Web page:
The cracked husks of burnt-out houses are the
best place to find the bright live ones.
Drive down and see the swaying, heavy heads of daffodils,
little, defiant jonquils among
the crumbling windows, black ash bricks.
You point out lily of the valley, purple iris,
pink hyacinth and muscari
growing in large clumps beside melted mortar—
huddled together, forgotten.
Too poor to buy bulbs and rhizomes,
You teach me how to covet these almost-wild things;
we feel like plundering pirates
as we dig them from under the moldy pecans.
Leaning down low on the trowel
my nose crouched in buttery trumpets,
Some with ruffled centers,
smelling their touch.
Flowers sweet and almost sick,
making my throat cluck and suck.
“These trees smell like cum,” you say
about the flowering pear,
and I blush, recall thick dishwasher steam—
which makes me wonder
if Mom knows that I know
the smell of sex;
its sweet breath of bleach—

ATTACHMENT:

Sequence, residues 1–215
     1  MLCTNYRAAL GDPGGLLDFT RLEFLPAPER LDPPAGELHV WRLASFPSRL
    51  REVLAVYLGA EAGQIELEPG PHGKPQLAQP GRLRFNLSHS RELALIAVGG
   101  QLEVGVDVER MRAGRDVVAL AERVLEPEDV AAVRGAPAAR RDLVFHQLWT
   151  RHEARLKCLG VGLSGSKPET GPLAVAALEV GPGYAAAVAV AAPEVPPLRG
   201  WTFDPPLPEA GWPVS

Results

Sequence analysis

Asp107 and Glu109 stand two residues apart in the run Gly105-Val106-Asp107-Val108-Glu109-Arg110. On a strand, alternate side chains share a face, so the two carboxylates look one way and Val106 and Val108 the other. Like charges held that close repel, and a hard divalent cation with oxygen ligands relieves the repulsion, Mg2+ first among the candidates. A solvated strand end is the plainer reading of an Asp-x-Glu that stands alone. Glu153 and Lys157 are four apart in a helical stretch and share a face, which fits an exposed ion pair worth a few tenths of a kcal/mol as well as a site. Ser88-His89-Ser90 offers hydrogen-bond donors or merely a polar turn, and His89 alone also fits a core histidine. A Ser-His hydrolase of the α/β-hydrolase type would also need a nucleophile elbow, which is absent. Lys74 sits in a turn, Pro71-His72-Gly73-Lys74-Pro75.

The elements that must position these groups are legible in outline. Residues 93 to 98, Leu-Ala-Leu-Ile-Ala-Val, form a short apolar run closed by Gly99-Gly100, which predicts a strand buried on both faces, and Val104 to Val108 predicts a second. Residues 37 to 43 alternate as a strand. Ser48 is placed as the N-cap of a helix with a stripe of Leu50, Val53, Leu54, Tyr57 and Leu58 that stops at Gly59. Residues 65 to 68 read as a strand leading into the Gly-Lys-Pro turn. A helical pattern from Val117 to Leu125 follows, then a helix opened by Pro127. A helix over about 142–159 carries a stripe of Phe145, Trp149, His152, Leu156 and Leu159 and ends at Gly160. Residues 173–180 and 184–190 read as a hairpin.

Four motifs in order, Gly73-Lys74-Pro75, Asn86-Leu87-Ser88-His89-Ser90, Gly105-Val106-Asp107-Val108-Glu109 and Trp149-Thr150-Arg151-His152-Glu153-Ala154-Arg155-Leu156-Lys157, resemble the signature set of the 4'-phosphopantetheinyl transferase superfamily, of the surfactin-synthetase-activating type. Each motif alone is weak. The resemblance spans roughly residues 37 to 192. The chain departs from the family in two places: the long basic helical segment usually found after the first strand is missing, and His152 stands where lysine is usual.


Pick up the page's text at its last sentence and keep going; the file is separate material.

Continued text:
as I choke and swallow shame.
But before we take the bulbs home and soak the
papery skins, rake leaves away,
stretch back the frozen red Georgia clay
to create a new plot together from stolen gardens—
we park behind the abandoned trailer
hidden a mile from home.
Your big black Pontiac hulks there,
shaking our smoky breath into patterns.
I pull down our pants, sweat through the windows
as you open me up on my stomach
remember to breathe in the pain,
dizzy from the cloying scent of daffodils beside me.
Grit my jaw and squint my eyes,
I see their happy faces limp, sacks of
long green stalks and bulbs laid bare,
and long to mingle with them;
eager and innocent with life,
turn away as you thrust and grunt
to listen as they thrive.
Jerry Portwood is a queer writer and former editor at Rolling Stone, Out magazine, and New York Press. He teaches courses on writing at the New School and lives in both West Harlem in New York City and Cambridge, Mass. with his husband.